Dr Bret Wilson
,

Alzheimer Disease, Memory Care, Caretakers

Alzheimer Disease, Memory Care, Caretakers

Dr Bret WilsonStatistics indicate that increasing numbers of families have a relative, friend or spouse who has been affected by the most common form of dementia, Alzheimer’s disease.  Persons diagnosed with the changes of memory, thinking and behavior now has grown to one in eight for people aged 65 and older.   Chances are that we all will be close to someone that is affected by Alzheimer’s.  We can all be better prepared and make better decisions with more information about this disease.

Recognition of the early stage Alzheimer’s or other dementia can help provide intervention at early stages and begin to plan how to provide support and care as the condition progresses.  Initial suspicions may come from increased forgetfulness, inability to complete tasks, inability to recall someone’s name or important dates.  Increased concerns occur when the memory lapses start to impact daily activities, the ability to make plans, withdraw from social interaction or change in personality or demeanor.  At this point the patient is still able to participate in the diagnosis treatment and planning for the future.

As the disease advances there will be need for more care and supervision.   The patient has increased difficulty with completing daily tasks, loses track of what they were doing and cannot remember how to retrace steps.  Personal appearance and hygiene may suffer. Safety of the individual becomes a greater concern. At this stage there is a greater burden on the family to help care for the patient.

Estimates are that 80% of the caregivers to Alzheimer’s patients are family members in the home.   Tasks range from basic housekeeping, personal care, dispensing medication, transportation to medical care, and supervision of activities to maintain safety.  As the disease progresses, different needs arise, requiring modification of care and activities. This creates a huge burden emotionally, physically and financially.  The person you love is slipping away, but their need for your love is more than ever.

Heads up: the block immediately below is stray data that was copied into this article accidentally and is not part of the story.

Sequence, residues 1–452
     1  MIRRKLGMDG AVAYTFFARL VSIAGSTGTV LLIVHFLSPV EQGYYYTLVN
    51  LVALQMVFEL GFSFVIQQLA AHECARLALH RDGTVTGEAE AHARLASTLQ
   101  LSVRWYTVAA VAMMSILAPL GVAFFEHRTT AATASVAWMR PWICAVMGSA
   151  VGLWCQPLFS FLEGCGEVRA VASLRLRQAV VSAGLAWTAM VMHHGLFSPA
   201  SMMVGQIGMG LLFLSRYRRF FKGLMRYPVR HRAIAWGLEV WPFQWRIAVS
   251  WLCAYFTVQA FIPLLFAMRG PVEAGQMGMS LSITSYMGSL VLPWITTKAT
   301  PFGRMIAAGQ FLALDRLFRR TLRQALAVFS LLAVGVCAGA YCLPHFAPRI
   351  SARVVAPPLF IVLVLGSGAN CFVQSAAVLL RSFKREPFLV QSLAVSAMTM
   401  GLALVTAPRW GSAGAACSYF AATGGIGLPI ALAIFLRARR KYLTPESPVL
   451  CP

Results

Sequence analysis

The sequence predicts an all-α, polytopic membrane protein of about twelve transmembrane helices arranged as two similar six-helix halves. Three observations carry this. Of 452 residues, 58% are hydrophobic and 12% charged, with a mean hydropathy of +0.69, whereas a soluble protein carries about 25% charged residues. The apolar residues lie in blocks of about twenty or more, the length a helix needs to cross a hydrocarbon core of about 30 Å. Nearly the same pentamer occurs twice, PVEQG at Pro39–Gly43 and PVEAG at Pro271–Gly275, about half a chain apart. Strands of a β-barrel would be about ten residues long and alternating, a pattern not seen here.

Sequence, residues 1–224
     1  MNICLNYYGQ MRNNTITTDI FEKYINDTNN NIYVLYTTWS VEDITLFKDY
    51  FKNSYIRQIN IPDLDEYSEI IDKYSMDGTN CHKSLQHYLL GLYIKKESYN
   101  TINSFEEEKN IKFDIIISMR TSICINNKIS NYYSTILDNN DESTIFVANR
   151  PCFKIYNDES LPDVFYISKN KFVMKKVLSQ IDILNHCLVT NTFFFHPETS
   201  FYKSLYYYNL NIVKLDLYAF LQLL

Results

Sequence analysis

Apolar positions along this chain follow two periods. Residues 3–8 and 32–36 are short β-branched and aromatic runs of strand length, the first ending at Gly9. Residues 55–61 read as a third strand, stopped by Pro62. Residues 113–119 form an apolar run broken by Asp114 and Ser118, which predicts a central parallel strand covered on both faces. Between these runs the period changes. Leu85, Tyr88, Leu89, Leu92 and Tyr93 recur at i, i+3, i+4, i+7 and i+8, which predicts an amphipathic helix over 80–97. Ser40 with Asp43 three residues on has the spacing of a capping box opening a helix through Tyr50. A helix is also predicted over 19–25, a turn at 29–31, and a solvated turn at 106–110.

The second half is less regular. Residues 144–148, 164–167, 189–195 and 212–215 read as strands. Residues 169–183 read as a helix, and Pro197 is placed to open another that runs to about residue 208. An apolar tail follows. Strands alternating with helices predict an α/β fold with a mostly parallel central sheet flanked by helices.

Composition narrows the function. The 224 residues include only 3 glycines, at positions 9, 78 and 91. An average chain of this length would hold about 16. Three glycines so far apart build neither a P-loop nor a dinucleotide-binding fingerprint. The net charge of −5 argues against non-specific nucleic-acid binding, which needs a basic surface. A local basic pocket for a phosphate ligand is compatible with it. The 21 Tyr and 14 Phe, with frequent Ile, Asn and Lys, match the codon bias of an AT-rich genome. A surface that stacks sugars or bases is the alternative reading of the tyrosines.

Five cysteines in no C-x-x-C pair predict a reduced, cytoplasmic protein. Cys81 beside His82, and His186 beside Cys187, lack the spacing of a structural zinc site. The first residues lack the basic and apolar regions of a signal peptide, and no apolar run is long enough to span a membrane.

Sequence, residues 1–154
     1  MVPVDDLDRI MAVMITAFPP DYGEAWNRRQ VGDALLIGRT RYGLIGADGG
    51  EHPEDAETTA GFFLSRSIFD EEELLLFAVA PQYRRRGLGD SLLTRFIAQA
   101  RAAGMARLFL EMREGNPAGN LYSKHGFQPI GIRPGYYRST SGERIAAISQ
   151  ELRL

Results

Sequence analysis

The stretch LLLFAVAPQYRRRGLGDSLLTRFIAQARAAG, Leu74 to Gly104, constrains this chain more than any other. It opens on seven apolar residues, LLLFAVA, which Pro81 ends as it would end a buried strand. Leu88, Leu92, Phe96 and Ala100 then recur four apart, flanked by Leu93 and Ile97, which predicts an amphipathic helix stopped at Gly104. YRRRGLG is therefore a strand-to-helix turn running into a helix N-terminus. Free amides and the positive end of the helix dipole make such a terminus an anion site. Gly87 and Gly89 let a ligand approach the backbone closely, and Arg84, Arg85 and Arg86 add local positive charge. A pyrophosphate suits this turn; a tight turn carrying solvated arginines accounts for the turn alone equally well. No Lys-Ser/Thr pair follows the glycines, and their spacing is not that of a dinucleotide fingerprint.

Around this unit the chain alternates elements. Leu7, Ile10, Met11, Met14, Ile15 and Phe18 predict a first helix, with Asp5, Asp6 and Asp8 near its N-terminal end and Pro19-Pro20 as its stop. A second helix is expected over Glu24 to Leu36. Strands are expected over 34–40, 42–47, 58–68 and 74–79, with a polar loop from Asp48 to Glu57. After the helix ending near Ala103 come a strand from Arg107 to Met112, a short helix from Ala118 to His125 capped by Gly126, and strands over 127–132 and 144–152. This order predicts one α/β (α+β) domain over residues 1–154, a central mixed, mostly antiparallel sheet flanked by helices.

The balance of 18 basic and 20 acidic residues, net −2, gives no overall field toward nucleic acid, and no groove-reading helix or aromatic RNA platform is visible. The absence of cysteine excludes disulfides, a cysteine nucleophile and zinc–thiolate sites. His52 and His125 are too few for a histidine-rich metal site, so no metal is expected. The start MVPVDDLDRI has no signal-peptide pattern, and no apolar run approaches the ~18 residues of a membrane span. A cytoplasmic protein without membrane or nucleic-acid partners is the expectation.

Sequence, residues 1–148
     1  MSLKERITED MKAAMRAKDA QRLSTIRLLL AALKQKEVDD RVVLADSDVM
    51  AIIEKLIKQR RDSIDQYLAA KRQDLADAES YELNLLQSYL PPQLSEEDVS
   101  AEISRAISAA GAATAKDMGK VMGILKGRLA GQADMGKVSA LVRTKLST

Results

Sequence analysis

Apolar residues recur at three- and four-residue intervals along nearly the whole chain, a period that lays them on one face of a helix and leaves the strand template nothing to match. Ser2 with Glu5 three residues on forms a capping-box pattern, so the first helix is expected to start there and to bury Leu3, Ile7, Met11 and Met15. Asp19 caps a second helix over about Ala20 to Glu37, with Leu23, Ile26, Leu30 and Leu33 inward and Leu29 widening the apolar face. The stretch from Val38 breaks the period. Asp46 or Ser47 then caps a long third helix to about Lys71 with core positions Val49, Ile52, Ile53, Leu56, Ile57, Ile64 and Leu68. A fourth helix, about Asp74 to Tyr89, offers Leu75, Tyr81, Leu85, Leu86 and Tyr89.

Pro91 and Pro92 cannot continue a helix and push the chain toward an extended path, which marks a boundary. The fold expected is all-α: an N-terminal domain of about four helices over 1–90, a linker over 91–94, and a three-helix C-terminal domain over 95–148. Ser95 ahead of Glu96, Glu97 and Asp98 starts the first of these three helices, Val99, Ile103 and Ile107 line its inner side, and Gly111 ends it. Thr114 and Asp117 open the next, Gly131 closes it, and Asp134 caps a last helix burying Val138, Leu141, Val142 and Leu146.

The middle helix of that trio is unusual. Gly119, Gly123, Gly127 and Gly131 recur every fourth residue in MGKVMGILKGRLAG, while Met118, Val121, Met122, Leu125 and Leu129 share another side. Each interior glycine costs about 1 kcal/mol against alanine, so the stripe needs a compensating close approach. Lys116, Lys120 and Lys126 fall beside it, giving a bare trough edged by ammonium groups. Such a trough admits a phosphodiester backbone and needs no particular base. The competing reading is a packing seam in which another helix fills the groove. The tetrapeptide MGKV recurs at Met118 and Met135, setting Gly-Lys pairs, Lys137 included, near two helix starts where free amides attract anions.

There are resources available for family and care givers for Alzheimer’s patients and other forms of disability.  The National Family Caregiver Support Program provides a range of services to help families care for loved ones through the U.S. Administration on Aging.     The National Alliance for Caregiving is a non-profit organization that recognizes the important societal and financial contributions families make toward maintaining the well-being of those they care for, the Alliance’s mission is to be the objective national resource on family caregiving with the goal of improving the quality of life for families and care recipients.  A training program and other resources are available from the Savvy Caretaker, an evidence based intervention program.

As the disease advances or as the situation at home changes; the caregiver at home may start to be overwhelmed.  Assisted living and memory care centers are an option.  There is a variety of options,  levels of care and costs to consider.  Some discussion and planning in the early stages can help families make these decisions easier when the time comes to place the loved one into assisted living.  Discussions can lessen guilt, reduce the burden on caretakers and provide the best care.  The level of disability and the corresponding best level of care can be determined and then modified as circumstances change.

 

Yours in Health,

 

Dr. Bret Wilson
www.drbretwilson.com

Dr Bret Wilson wants you to move, play and live free from neck and back pain.  For more information about chiropractic, posture, exercise, and how to make better choices about your health visit our website www.bellwestchiro.com.  Find a chiropractor in your area to help you with safe and effective health care.

For more information:

Related Article from Dr Wilson:

Ten Warning signs of Alzheimer’s:

Stages of Alzheimer’s and How to Deal with Them: 

Administration on Aging (AoA) National Family Caregiver Support Program: 

Save

Save

Save

Save

Save

Save

Save

Save

Save

Save